After my exhausting road trip on day 6, we opted for a kind of rest day on day 7. With that in mind, we got up at around lunch time, and by recommendation of a friend, tried the infamous Hu Tong, situated at Market Lane, a turn off from Chinatown.
With the advice that bookings are recommended due to its immense popularity, we took the risk and arrived close to opening time, and managed to score a table with ease.
Whilst the kitchen was downstairs along with a couple of tables, most of the tables, along with ours was upstairs.
The decor managed to strike a balance between old fashioned with a touch of modern, we think the contrast worked quite well.
Items on the menu consisted of dumplings, noodles, rice dishes and some sides.
With one of their signature dishes being the Xiao Long Bao, we definitely had to try it. Unfortunately, we were quite underwhelmed by what we were presented with. The skin, whilst being able to retain soup, was definitely thicker and harder than we would have liked. As my companion lifted it with his chopsticks, you could see that rather than droop at the bottom, it retained its form. The soup, whilst being present, wasn't as much as I would have liked, and was slightly bland. The meat was also a bit harder than our usual preference.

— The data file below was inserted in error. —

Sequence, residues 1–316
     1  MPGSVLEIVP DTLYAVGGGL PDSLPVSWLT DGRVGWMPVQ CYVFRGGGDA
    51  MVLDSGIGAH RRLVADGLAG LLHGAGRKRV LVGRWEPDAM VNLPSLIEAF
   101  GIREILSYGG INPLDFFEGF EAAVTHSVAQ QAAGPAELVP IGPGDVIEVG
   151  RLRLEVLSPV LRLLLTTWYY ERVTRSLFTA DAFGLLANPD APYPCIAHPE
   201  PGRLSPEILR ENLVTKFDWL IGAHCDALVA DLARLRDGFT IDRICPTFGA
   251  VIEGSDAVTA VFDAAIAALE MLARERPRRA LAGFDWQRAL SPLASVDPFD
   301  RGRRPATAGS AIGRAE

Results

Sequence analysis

We also had a serving of pot stickers which came soon after. Like the Xiao Long Bao, it had quite a thick skin, but in this case no juices, and surprisingly a hard but not very crispy bottom. The filling was also considerably milder than I would have preferred it.
Not wanting to give up on the dumplings at Hu Tong, we also had Wantons with Hot Chili Sauce. The wantons came in yellow wanton skin, which was thinner than the xiao long bao and the pot stickers, but still thicker than usual. The fillings had more flavour in this instance, and the chili sauce was quite complementary to the dish, without being overly spicy.
To balance this indulgence in dumplings we had Shredded Turnip Pastries. The pastry was deep fried, flaky and not too thick. The sesame seeds gave it a distinct crunchy texture as well as fragrance. The turnip filling was light and fluffy, which was well balanced as neither the pastry or the filling did not overpower each other. My companion remarked the pastry reminded him of a childhood snack - prawn toast.
Our final dish was the Shanghai Fried Noodle with Shredded Pork. When the dish arrived we were surprised at how deceptive the serving bowl was as we began digging into the plate. The serving was suprisingly generous. The noodles were quite chewy whilst the ingredients were well stirred through with soy sauce.